1. I am very, very sinful. It’s not like I was under any illusion before I had children that I wasn’t sinful – but having children seems to bring out both the best and the worst in people! I lack patience: I shout at the boys because they haven’t put their shoes on quickly enough. I’m desperately selfish: I’ll make excuses not to play with the boys because I’m checking Facebook. I’m lazy: I’ll stick on the TV or just dish out some punishment rather than try to help my children deal with the attitudes of their hearts. I’m resentful: I grow bitter against my husband that he doesn’t have to do the night feeds. And so the list goes on…

It’s not been especially pleasant having to really acknowledge the extent of this side of me over the last few years. But it has, nonetheless, been encouraging, because it is not the healthy in need of a Physician…

 

  1. Jesus isn’t Supernanny. Obviously. But all too often I found myself desperately pleading with God that he would somehow reveal himself in this way. How, I asked, can He really love my children if He’s given them to me with no clue of what to do? The answer, I’ve come to realise, is two-fold.

Firstly, God has revealed Himself through His Word. If I take the time to study Scripture and prayerfully read it, then I will come to know more and more the heart of God. It might not give me ‘3 easy steps’ to follow when I don’t know what I’m doing, but it will lead me closer to raising my children as Christ would have done. Over the years, I’ve got to know my husband more and more, and so I’m more able to make decisions that I think he would make, even though it may be a completely new situation. The same is true of God: the Bible may not tell me exactly how much sugar I should allow my children to have a day, but it does teach me about God and that our dependency and comfort should be in him, not in sugary treats. And it does teach me that we are created in the image of God, and that God had a physical body in Jesus, and so how we treat our physical bodies does matter.

Secondly, Supernanny goes into a home, shows them how to fix the problem, and then leaves them so that they have control of the situation themselves. This is not what God is in the business of doing. In fact, the very idea that God would waltz in, give us 3 easy steps to follow and then leave us to it is the complete opposite to the narrative of the Bible and the Gospel of hope that we have. God did give us rules – to begin with one very simple one, and then a plethora of more complicated but, nonetheless, theoretically do-able rules. And we couldn’t, we simply couldn’t keep them. So Jesus came to earth, lived a sinless life fulfilling all the law and then bore the wrath and death that should have been for us, so that we could be forgiven. He did it for us, because we can’t. And the Holy Spirit is given to us to help us in following Christ – but not because we have to or because it has anything to do with our salvation. But because God has works through the Holy Spirit to transform our hearts and so we want to follow God’s way, and it is part of our sanctification. Even if Jesus did come as Supernanny, our sinfulness (see above point) would mean we simply couldn’t follow any parenting law perfectly. Parenting law, like any law, would crush us. We need Jesus’ righteousness and grace in parenting as in anything. And we need to walk with Him and pray for the Holy Spirit to work within us. There’s no way we could do this on our own with a set of rules!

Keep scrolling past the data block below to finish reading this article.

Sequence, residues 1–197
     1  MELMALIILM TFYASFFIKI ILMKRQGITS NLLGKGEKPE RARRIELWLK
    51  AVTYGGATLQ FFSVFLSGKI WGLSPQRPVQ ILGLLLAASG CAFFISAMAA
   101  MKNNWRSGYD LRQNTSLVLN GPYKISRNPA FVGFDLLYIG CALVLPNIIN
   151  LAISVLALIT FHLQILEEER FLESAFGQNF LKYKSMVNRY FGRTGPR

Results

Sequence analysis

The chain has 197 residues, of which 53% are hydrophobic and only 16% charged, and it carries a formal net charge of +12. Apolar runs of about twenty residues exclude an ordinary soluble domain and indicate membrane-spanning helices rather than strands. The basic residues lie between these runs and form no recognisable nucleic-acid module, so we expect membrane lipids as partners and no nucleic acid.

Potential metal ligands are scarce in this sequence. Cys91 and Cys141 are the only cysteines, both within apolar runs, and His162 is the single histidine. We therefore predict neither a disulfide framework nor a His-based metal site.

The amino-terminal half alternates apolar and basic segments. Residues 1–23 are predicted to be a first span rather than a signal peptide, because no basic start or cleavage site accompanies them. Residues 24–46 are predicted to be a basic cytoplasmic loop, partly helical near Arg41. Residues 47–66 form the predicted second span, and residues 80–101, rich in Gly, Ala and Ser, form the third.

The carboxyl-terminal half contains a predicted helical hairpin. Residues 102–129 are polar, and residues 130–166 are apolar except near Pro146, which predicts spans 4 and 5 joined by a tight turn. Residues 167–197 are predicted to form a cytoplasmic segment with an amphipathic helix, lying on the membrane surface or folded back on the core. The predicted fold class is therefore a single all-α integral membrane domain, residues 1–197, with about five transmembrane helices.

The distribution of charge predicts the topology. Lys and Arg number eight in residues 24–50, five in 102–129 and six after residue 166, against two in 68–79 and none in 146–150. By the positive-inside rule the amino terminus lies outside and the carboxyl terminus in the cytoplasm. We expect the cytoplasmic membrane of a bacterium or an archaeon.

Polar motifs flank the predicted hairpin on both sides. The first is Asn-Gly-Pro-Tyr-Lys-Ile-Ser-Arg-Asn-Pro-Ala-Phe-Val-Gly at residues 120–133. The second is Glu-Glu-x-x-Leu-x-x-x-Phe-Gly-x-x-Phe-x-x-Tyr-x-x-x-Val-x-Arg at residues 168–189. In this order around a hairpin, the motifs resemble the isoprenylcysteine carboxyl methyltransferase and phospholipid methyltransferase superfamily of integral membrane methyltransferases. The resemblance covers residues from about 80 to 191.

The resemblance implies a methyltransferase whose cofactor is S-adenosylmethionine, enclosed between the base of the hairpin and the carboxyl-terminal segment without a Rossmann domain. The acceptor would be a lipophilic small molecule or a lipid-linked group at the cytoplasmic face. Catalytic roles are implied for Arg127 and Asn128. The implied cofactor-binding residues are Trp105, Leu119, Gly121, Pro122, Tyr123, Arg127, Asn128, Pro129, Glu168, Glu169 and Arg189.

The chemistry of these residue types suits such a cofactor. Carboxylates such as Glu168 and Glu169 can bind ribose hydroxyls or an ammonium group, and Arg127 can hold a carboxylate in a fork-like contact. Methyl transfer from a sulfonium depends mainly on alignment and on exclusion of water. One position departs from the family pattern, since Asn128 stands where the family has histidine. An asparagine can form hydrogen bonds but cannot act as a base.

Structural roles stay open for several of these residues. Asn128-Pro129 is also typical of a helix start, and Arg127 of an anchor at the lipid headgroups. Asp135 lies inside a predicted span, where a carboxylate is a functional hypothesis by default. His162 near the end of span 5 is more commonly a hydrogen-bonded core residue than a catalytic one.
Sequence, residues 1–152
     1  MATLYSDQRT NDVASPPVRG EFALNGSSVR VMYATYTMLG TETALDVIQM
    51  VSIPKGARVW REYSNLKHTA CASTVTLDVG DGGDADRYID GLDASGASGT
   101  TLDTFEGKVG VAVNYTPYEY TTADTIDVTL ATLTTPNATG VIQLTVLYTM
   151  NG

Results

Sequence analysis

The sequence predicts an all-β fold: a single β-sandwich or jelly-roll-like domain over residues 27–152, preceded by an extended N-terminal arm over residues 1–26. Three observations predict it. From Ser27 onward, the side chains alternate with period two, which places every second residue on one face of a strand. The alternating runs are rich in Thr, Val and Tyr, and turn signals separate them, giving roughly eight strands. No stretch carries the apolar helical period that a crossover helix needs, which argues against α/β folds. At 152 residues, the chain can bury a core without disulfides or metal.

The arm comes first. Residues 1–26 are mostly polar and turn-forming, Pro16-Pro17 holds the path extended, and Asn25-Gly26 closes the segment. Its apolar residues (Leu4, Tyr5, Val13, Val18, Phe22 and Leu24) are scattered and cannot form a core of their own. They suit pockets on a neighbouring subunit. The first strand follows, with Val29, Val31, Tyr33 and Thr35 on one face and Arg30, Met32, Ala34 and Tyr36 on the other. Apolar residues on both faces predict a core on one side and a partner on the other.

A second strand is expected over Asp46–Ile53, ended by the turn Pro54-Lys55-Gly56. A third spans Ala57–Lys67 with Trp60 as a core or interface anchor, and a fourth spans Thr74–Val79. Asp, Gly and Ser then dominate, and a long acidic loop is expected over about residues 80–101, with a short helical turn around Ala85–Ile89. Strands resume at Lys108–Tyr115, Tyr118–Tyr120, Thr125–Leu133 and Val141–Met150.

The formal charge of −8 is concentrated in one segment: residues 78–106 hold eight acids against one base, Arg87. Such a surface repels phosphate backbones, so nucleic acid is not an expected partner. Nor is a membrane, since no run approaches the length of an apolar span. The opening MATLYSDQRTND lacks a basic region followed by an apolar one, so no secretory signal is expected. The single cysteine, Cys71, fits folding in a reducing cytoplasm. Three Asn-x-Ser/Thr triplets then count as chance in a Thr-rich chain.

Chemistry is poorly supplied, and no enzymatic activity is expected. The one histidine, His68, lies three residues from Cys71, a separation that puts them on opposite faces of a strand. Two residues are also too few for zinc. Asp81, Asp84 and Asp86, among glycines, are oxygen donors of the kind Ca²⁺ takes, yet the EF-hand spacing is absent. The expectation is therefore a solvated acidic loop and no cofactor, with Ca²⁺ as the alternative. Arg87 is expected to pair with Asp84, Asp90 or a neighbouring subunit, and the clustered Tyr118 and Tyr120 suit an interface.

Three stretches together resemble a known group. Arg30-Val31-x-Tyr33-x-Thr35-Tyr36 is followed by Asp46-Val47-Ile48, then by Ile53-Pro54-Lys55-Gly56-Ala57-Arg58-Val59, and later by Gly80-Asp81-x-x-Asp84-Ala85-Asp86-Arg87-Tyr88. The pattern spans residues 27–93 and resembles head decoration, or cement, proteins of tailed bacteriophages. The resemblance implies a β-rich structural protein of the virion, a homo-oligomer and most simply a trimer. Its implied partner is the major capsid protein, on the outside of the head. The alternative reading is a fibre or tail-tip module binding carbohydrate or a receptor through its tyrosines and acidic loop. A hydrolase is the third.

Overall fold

1. My kids are fun. I assumed that I would love my children, that I would nurture them, that I would read and sing and play with them. But I don’t think I ever expected them to be fun: that I would really enjoy their company. They make me laugh; they lift my spirits with a cuddle; they amaze me with what they’ve observed; they entertain me with stories and shows. Motherhood is hard – but it can also be lots of fun if we let it. We do have to be intentional about it too, though. Sometimes we have to make a determined decision that reading another story cuddled up on the sofa takes priority over being on time, or that sharing a one-off sneaky biscuit when they wake at 3am is going to be more important than our sleep, or that instead of snapping when we feel tired and irritable we’ll take a deep breath and scoop them up for a hug.

 

  1. God is awesome. When I first thought about this point, it was going to say something like ‘I’m amazed at what I can achieve’ or ‘I can cope with so much more than I realised’. But neither of these statements is true. At all. What is true is that God really is the Sustainer of life: when you’re so sleep deprived that you think you’re going to throw up and you cry all day, God sustains and somehow you make it through till bedtime. God really is Provider: when you’re run down and overwhelmed, God puts people in your life to share your burdens. God really is Healer: when you’ve taken out all your frustrations on your husband, God works a healing power in your relationship. God really is Sovereign: when nothing makes sense and you can’t see a path through, God knows the path and will take you down it. God really is the Giver of life: when you have nothing left to give, God still uses you to give to your children.